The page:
It’s day two of revealing some of the most exciting future technology projects taking place in Vodafone right now. Today we’ll be looking at two ways to enhance mobile network coverage:

3) Chat anywhere - Santiago Tenorio, Vodafone Group Head of Network Strategy & Architecture

Chat anywhere - Santiago Tenorio, Vodafone Group Head of Network Strategy & Architecture

Increasingly, our customers want to be connected at all times. Yet, as every smartphone user knows, despite the widespread coverage provided by mobile networks, there are still places that don’t get signal, for example deep indoors or within some lifts.

Vodafone was the first operator in the world to launch NB-IoT, a Low Power Wide Area (LPWA) network technology which provides an opportunity to resolve this issue. 

LPWA is a network layer designed to transmit limited amounts of data. It offers increased coverage in remote, rural areas and underground through the adoption of techniques that enhance radio signal propagation compared to GSM.

CAT-M, another LPWA technology, could in future be used to provide better voice coverage as well.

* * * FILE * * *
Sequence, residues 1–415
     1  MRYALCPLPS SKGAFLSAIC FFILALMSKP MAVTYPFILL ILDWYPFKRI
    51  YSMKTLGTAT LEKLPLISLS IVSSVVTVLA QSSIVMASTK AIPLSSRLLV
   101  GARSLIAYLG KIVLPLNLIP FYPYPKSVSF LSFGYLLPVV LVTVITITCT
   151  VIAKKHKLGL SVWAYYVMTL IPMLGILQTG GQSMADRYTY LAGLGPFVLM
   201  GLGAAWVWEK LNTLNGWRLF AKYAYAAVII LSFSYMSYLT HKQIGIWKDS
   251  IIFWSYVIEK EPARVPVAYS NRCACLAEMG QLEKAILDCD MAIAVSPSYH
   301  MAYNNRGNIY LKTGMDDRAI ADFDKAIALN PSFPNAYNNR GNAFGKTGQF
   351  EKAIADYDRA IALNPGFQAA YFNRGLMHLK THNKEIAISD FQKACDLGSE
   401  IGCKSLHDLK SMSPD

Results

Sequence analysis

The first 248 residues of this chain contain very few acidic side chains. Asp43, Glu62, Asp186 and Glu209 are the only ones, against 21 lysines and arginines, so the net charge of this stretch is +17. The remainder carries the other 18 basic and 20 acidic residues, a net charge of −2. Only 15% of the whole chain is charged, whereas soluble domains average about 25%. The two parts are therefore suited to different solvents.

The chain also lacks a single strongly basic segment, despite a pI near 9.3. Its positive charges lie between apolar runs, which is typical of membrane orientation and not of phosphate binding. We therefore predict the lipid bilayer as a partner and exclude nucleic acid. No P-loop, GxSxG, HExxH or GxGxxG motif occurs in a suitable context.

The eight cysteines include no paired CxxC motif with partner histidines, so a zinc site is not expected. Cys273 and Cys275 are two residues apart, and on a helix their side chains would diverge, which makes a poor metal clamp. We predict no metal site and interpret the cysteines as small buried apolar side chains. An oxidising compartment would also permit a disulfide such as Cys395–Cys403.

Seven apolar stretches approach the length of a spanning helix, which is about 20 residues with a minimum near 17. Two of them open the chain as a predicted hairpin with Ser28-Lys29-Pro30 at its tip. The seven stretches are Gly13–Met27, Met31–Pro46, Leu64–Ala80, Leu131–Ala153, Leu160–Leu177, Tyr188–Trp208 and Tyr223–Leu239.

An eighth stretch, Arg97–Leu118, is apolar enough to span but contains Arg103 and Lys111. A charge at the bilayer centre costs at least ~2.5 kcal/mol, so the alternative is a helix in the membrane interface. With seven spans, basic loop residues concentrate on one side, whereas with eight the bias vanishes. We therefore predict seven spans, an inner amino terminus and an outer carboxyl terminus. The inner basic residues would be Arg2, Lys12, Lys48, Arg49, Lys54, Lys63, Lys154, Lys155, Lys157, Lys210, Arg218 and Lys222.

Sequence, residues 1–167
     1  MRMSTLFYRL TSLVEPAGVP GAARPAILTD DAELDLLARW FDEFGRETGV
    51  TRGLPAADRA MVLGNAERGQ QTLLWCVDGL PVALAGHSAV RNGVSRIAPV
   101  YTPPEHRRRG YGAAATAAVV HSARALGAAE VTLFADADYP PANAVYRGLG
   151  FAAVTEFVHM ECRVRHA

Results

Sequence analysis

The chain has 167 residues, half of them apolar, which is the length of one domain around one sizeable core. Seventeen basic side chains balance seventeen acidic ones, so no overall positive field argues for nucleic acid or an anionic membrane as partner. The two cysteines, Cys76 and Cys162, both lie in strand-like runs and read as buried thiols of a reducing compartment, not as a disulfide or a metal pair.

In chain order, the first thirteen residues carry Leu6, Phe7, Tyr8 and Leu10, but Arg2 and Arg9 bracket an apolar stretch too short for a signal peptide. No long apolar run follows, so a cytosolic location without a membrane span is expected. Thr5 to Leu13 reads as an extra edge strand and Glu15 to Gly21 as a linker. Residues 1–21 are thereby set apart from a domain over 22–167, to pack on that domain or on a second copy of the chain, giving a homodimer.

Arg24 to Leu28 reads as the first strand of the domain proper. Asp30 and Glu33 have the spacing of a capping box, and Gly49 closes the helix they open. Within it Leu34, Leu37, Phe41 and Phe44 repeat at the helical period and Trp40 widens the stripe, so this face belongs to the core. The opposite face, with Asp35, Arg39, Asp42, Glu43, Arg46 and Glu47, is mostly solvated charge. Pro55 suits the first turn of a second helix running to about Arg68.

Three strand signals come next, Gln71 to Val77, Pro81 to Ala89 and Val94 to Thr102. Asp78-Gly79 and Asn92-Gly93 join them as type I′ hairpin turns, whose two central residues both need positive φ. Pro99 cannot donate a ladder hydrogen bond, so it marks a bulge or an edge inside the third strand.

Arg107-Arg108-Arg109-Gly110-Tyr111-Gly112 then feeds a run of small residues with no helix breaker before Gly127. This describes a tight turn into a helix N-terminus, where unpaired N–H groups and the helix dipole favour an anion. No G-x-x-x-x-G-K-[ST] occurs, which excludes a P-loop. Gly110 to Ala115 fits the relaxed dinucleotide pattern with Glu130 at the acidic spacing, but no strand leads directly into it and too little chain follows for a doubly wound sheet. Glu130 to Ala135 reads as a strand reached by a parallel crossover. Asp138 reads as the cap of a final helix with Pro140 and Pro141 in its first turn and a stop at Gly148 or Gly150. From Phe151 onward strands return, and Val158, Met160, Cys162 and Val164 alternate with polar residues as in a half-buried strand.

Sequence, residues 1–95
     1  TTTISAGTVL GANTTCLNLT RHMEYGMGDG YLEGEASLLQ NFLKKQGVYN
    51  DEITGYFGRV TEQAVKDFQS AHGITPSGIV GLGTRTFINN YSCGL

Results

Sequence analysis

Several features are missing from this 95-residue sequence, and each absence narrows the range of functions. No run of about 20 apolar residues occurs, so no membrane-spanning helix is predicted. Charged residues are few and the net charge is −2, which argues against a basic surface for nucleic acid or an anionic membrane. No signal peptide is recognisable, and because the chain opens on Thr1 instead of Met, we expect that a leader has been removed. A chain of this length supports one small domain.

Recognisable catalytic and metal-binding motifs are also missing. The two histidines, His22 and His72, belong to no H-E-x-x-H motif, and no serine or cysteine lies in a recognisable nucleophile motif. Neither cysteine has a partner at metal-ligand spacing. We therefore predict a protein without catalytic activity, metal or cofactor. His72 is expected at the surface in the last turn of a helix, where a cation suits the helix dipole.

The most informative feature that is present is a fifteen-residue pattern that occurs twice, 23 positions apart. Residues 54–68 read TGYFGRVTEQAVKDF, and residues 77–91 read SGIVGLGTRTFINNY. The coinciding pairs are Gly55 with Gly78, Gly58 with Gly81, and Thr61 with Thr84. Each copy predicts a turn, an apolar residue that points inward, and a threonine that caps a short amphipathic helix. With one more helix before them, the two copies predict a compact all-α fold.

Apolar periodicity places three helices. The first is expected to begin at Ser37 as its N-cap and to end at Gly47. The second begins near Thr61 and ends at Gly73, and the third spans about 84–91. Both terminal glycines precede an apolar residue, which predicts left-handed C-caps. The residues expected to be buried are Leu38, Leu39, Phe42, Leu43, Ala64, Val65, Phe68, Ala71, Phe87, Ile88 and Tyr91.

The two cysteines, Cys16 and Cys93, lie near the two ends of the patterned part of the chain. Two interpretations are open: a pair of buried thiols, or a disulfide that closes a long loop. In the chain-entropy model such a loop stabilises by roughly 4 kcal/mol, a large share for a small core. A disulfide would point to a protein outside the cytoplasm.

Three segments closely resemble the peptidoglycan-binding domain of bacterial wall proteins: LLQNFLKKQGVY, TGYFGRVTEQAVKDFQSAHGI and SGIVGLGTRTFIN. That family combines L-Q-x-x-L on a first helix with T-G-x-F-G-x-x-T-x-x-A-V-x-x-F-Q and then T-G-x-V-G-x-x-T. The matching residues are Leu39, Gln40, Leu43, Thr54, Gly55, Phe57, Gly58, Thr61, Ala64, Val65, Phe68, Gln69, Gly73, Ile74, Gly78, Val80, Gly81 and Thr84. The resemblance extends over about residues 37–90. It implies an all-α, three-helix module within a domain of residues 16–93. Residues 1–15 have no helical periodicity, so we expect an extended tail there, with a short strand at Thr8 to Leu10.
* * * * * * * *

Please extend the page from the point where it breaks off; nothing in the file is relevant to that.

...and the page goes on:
We can add LPWA technologies that use licenced radio spectrum deep in the protocol stack and enable chat apps to adapt their software to use them. Doing so could complement other network technologies and enable chat apps to continue working, even when it is not possible to use voice and internet data. 

 

4) Emergency drones - Antonio Oliver, New Technologies & Innovation Manager, Vodafone Group’s Networks Centre of Excellence

4) Emergency drones - Antonio Oliver, New Technologies & Innovation Manager, Vodafone Group’s Networks Centre of Excellence

Poor or non-existent cellular coverage is life-threatening in emergency situations.

Better coverage is possible if one removes natural obstacles to the signal, such as buildings, trees, hills and mountains.

Vodafone Group’s New Technologies and Innovation team has been experimenting in the hills of northern Andalucía with mobile relays mounted on a drone.

The relays are based on a specially adapted CrowdCell, because using that technology we do not need to modify the cellular radio network to extend the cellular coverage. Using the Elistair tethering system to supply power, the drone was able to hover in position at up to 80 metres above ground level for periods of over a day.

In some areas, our ‘Flying CrowdCell’ delivered 4G coverage of up to 3 Megabits per second where before there was none. It can also connect local users without the need to route the call through the main macro network and is able to offer video streaming for surveillance purposes.

The effectiveness of drones for supporting mobile connectivity will always depend on the local terrain, but we intend to develop it further for use by the emergency services in remote locations.